Multiply fourdigit, threedigit, and twodigit numbers by onedigit numbers and assess the reasonableness of the product.
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Note that the last Criteria for Success is not addressed in the tasks below, since each problem type involving multiplication has been explored in previous lessons. However, if it seems students need additional practice with any type (particularly multiplicative compare with larger unknown), then you can use the values in Anchor Tasks #2 or #3 in the context of a word problem.
If you need to adapt or shorten this lesson for remote learning, we suggest prioritizing Anchor Task 1 (benefits from worked example) and Anchor Task 2 (can be done independently). Find more guidance on adapting our math curriculum for remote learning here.
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Patrice solved the problem 72 x 8 using the partial products algorithm, as shown below:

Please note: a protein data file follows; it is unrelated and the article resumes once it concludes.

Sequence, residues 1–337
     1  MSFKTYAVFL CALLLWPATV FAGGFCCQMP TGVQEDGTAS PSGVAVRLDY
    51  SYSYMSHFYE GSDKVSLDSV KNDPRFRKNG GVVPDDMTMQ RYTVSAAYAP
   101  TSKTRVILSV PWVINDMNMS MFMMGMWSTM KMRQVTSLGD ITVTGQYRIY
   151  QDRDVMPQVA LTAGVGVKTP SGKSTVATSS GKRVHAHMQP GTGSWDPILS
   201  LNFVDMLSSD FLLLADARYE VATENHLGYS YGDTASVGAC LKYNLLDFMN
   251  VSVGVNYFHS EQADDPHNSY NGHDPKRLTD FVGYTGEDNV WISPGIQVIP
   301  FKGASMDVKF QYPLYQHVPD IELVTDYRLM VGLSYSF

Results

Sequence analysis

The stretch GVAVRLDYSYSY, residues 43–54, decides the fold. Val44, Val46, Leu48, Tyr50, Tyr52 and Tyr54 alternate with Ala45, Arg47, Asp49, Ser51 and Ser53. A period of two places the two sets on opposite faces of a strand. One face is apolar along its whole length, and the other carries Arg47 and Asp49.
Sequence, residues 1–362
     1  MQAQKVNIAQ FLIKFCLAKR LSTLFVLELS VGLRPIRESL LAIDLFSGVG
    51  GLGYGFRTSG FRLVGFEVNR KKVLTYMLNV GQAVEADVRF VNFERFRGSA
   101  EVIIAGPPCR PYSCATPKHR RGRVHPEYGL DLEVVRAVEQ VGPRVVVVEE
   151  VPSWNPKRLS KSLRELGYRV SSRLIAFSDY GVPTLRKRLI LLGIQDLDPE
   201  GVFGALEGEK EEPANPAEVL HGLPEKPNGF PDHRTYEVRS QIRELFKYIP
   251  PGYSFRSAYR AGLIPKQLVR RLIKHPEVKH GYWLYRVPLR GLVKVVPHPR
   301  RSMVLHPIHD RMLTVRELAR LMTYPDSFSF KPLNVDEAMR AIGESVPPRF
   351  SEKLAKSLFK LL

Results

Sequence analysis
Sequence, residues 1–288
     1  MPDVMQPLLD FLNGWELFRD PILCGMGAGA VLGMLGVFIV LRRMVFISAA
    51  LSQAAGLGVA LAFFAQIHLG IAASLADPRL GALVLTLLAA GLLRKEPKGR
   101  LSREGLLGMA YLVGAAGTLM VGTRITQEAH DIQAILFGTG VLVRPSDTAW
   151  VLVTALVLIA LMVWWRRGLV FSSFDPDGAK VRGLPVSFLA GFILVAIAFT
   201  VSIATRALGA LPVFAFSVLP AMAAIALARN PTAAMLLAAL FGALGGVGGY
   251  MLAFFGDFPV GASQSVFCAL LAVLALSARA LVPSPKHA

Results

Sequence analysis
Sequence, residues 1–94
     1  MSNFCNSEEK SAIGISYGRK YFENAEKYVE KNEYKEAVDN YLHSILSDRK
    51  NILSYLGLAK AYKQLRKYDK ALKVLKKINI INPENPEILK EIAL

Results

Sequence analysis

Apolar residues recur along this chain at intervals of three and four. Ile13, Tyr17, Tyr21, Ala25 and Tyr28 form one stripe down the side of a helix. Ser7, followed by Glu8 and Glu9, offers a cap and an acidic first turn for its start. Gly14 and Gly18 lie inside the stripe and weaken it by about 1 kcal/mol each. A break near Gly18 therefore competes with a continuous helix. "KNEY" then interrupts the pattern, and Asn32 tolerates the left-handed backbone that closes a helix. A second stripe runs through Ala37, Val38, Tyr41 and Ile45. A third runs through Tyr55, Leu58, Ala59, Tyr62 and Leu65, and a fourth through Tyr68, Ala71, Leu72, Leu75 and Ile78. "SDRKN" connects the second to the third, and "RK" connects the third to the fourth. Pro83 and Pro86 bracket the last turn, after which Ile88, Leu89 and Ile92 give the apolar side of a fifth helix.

Jerome solved in a different way from Patrice. Here is what he did:
First, he found the partial product of 2 and 8, which is 16. He wrote the ones digit, 6, under the equal bar, and the 1 ten on the equal bar above the tens place in smaller handwriting.

Then, he found the partial product of 7 tens and 8, which was 56 tens. Because he had the 1 ten from the first partial product, he added those tens together and wrote 57 in the hundreds and tens place in the product. Because he had accounted for the 1 ten from his first partial product, he crossed it off. 
Jerome’s method is called the standard algorithm. Use this method to find the following products. Then assess the reasonableness of your answer.
a. 54 x 6
b. 9 x 673
c. 1,605 x 4
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A student solved 516 x 4 below. There is a 2 above the tens digit in the product. What does that 2 represent?
Solve. Assess the resonableness of your answer.
a. 61 x 5 b. 6 x 2,348
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